We are hearing more and more cases of Tendinitis developing in our youth pitchers. The normal recommendations or treatments for recovery are Ice, rest and a lot of Ibuprofen. How does all of this relate to the recovery process on the pitching arm? Well, we all know that there is definitely an overuse of young pitching arms. Some pitchers now days are playing for three different leagues or teams. They might play for a Super League team, City league and a fall league team. Regardless of each league counting pitches, Many pitchers are starting two or three games a week on the mound. That is ridiculous! There is no recovery time for the arm and less preparation time for your next outing.
How do we take care of Tendinitis or prevent it? The Diet plays a major role in the inflammatory process; the foods that you eat can stimulate inflammation and feed it like gas on a fire. Inflammation is the breakdown of old cells and the replacement of new cells. The diet that you’re on can stimulate more of a chronic type of inflammatory response. As a pitcher, you want to make sure that you are eating an anti-inflammatory diet rich in essential fats.
There is value to Ice and rest, but there are many parents out there that give their kids too much Ibuprofen. Much of our diet is deficient in essential fatty acids EFA’s. A lot of authors right now are writing about how the body is dealing with the inflammatory diet and say it is causing a prolonged effect on inflammation. In fact, there are necessary fats that we need in our diet. For the last 30 years the typical diet for Americans is anti fat, limited fat or no fat diets. The essential fats are Omega 3’s that prevent inflammation. DHA is good for your liver and your brain. EPA’s good for your joints. They slow down the inflammatory response.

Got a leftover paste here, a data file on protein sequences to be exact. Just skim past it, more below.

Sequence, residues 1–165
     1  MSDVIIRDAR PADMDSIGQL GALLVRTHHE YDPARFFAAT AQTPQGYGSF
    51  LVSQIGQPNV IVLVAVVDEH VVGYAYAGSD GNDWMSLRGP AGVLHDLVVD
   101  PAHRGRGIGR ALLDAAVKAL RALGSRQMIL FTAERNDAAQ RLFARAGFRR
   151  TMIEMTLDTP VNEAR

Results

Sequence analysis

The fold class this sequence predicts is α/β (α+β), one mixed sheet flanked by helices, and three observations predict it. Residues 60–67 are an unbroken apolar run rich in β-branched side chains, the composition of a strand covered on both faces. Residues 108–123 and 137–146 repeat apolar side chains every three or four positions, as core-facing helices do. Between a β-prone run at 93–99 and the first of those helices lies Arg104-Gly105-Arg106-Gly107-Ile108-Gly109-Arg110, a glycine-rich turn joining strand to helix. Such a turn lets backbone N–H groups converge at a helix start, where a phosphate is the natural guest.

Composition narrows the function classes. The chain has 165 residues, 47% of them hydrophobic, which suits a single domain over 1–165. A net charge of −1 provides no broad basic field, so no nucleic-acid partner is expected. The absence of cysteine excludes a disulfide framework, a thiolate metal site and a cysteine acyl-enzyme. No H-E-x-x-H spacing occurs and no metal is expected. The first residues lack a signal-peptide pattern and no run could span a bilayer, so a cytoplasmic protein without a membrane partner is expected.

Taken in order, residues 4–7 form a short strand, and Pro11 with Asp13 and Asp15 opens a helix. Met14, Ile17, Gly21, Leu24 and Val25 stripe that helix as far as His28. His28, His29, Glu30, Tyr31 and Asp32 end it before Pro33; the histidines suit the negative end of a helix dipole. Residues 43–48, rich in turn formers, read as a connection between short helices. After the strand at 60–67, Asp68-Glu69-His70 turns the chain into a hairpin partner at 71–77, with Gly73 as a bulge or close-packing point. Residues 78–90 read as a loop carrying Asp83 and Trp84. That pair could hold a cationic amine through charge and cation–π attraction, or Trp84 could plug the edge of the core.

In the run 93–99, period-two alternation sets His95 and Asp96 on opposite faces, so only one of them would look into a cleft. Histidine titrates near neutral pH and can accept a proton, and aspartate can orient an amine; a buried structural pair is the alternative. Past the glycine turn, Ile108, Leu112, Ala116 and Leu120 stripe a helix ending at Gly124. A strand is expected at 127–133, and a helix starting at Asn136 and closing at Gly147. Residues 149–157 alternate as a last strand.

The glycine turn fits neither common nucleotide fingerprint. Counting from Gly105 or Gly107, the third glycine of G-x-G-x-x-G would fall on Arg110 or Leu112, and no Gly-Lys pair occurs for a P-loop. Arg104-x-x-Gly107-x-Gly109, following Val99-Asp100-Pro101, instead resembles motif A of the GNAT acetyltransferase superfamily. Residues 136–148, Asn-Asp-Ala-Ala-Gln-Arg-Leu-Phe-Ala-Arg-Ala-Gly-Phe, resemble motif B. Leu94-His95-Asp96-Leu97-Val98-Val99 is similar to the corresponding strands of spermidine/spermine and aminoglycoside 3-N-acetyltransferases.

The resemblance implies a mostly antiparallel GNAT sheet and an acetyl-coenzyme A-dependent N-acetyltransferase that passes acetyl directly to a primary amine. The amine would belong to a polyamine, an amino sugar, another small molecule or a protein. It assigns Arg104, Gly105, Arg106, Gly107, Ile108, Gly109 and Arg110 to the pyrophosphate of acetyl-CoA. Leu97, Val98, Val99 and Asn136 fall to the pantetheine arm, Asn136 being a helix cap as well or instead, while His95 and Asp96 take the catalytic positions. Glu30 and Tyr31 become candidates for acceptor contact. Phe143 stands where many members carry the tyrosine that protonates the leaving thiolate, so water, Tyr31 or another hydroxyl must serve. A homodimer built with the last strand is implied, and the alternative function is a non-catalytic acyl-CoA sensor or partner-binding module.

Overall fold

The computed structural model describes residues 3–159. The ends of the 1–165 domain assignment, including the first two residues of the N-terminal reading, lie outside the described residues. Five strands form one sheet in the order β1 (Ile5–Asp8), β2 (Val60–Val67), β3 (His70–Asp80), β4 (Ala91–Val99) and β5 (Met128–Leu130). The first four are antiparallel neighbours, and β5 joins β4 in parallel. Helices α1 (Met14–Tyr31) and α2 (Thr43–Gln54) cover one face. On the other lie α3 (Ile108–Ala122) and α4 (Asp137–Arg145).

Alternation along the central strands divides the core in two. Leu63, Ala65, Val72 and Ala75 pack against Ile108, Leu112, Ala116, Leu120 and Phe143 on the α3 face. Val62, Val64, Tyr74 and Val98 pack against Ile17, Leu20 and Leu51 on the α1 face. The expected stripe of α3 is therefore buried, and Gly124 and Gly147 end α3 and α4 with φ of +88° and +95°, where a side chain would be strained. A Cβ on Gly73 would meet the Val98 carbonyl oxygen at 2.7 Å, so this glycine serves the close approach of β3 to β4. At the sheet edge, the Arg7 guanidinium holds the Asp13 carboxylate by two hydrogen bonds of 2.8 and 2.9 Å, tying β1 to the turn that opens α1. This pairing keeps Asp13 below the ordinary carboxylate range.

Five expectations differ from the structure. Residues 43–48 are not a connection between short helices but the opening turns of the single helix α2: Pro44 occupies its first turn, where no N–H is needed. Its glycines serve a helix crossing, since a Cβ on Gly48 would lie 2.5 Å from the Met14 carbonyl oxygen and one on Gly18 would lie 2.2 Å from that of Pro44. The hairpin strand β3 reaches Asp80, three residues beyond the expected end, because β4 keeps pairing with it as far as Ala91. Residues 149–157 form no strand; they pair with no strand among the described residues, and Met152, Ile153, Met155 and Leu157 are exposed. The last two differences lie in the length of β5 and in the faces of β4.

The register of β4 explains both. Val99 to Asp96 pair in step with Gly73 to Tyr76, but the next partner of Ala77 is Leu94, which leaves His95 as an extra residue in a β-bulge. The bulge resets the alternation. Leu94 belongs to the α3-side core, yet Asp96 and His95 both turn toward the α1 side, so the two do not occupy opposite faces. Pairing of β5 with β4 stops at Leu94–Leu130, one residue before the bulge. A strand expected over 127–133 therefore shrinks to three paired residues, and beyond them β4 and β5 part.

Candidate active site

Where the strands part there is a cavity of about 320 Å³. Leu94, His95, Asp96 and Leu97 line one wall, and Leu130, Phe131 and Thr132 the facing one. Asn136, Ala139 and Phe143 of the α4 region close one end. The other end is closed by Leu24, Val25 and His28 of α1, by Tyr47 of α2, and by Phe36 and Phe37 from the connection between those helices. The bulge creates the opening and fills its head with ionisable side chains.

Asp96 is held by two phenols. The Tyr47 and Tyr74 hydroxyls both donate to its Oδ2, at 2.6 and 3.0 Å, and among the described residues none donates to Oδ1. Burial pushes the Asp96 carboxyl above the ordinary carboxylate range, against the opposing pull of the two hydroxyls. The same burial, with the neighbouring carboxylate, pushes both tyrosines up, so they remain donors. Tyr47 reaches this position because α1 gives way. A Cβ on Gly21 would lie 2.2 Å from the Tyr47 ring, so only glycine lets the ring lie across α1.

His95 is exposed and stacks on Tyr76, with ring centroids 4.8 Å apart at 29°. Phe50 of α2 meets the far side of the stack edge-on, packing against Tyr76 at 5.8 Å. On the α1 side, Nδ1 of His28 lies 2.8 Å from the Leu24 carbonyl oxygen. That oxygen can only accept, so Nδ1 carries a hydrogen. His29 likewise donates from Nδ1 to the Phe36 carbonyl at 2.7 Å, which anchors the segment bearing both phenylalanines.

When you throw a baseball you are constantly wearing on the ligaments, tendons and joints themselves. Choose Omega 3’s that are rich in these essential fatty acids and not really rely on all of the ibuprofen. There is a lot of late research being done about the effects of Ibuprofen that suggest that it can actually slow down the healing process of tendinitis. The other danger of Ibuprofen is that you can play with pain and continue to damage the surrounding tendons and ligaments in your throwing arm.